The TDPSA adopts an opt-out model for data privacy, which is common across the US states. This model allows businesses to collect and process personal data without requiring prior consent of the individual, except in cases involving sensitive personal data and personal data from children.

Consumers must, however, be able to opt out of the collection and processing of their personal data for sale, targeted advertising or profiling. Businesses are required to clearly present this option on their websites, typically located within the privacy policy or privacy notice, so consumers can easily access and exercise their rights regarding their personal data at any time.

To help users easily choose not to have their data collected, or to stop collection and processing, websites often include a clear link or button on a cookie consent banner. A tool like Cookiebot CMP automates this process by managing cookies and tracking technologies and blocking their use until consent is obtained. 

A CMP makes it easy to provide users with transparent information about the types of data collected (and ability to consent or decline at a granular level), for what purposes, and third parties the data is shared with, as required by the TDPSA and other data privacy laws globally.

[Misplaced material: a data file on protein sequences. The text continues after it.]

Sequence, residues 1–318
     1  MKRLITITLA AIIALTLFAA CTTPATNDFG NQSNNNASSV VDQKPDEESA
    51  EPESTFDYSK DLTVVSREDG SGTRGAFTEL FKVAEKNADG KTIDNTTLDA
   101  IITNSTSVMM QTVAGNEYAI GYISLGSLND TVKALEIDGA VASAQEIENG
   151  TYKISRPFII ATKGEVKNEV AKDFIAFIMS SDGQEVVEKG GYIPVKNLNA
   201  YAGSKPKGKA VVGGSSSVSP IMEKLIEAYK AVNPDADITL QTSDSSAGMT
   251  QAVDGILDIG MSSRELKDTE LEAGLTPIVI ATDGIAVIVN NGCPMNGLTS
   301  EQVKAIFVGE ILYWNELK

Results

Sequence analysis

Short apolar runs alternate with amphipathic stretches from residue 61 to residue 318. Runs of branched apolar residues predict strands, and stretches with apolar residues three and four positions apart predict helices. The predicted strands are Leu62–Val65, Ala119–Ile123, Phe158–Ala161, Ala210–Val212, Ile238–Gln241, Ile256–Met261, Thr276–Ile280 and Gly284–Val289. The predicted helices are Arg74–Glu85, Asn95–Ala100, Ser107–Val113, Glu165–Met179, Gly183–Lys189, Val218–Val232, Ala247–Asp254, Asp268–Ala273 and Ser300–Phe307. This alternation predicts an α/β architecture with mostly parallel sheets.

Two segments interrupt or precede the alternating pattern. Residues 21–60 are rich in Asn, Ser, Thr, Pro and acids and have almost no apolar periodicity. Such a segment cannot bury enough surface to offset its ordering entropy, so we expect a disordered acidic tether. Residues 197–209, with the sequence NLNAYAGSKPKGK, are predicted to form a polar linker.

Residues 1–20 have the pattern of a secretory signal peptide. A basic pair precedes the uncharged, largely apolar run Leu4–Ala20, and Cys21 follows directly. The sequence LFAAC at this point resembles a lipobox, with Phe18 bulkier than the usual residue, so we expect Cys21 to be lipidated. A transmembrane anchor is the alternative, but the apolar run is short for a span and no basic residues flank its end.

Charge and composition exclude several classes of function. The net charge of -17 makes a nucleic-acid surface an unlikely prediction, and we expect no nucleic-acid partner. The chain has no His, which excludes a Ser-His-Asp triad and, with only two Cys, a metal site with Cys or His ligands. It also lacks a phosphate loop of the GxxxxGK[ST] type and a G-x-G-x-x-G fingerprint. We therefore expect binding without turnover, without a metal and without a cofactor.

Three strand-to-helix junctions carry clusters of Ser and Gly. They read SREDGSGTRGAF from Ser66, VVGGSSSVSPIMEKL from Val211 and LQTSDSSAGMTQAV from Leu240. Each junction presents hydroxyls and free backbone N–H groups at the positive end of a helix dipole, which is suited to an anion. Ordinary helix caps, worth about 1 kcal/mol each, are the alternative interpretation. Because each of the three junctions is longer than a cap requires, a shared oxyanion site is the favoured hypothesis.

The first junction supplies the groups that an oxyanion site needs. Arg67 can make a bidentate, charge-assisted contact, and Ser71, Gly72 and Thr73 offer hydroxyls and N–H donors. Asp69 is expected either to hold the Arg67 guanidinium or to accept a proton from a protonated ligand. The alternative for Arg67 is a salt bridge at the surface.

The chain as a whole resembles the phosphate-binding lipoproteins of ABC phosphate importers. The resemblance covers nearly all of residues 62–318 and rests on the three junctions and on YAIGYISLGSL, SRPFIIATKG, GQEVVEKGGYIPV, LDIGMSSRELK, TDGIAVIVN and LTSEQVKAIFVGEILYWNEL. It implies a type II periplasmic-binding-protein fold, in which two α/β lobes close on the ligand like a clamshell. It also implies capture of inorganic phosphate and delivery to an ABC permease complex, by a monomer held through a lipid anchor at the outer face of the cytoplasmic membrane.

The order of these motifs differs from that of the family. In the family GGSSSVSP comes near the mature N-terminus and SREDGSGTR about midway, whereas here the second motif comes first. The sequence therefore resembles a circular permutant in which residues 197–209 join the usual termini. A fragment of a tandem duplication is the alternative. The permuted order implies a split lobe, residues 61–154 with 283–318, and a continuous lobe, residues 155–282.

No single federal data privacy law has been passed in the US yet, so businesses operating across the country and/or internationally must adhere to multiple consumer privacy laws to protect user data. CMPs enable businesses to customize cookie banners and target them according to the user’s location. This enables businesses to achieve compliance with state-level laws like the TDPSA and with international regulations like the GDPR, which has stricter rules about consent.

Preparing for the Texas Data Privacy and Security Act

Businesses operating in Texas have until mid-2024 to prepare for compliance with the TDPSA, when it goes into effect. Those already meeting data privacy standards in other US states will have completed much of the foundational work for TDPSA compliance. Businesses must confirm whether they meet the law’s compliance threshold, and, if so, be ready to provide users with opt-out options and accessible privacy notices. 

Solutions like Cookiebot CMP can be instrumental in managing cookies on websites to help achieve compliance. Cookiebot CMP enables website owners to scan their websites to identify and categorize cookies in use, block them until consent is obtained, if needed, automatically populate the CMP and privacy notice, and to collect and record compliant consent from website visitors. These consent records are also ready to be provided to authorities in the event of an audit or data subject access request.

Scan your website for free with Cookiebot CMP to see what cookies and trackers it uses.

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As with any legal framework, and given the rapid changes in technology and consumer expectations, we can expect updates to the TDPSA over time. Businesses must consult with a qualified legal professional or data privacy expert, such as a Data Protection Officer, to ensure they fully understand and implement the necessary compliance measures and stay compliant as the law evolves.

Usercentrics does not provide legal advice, and information is provided for educational purposes only. We always recommend engaging qualified legal counsel or privacy specialists regarding data privacy and protection issues and operations.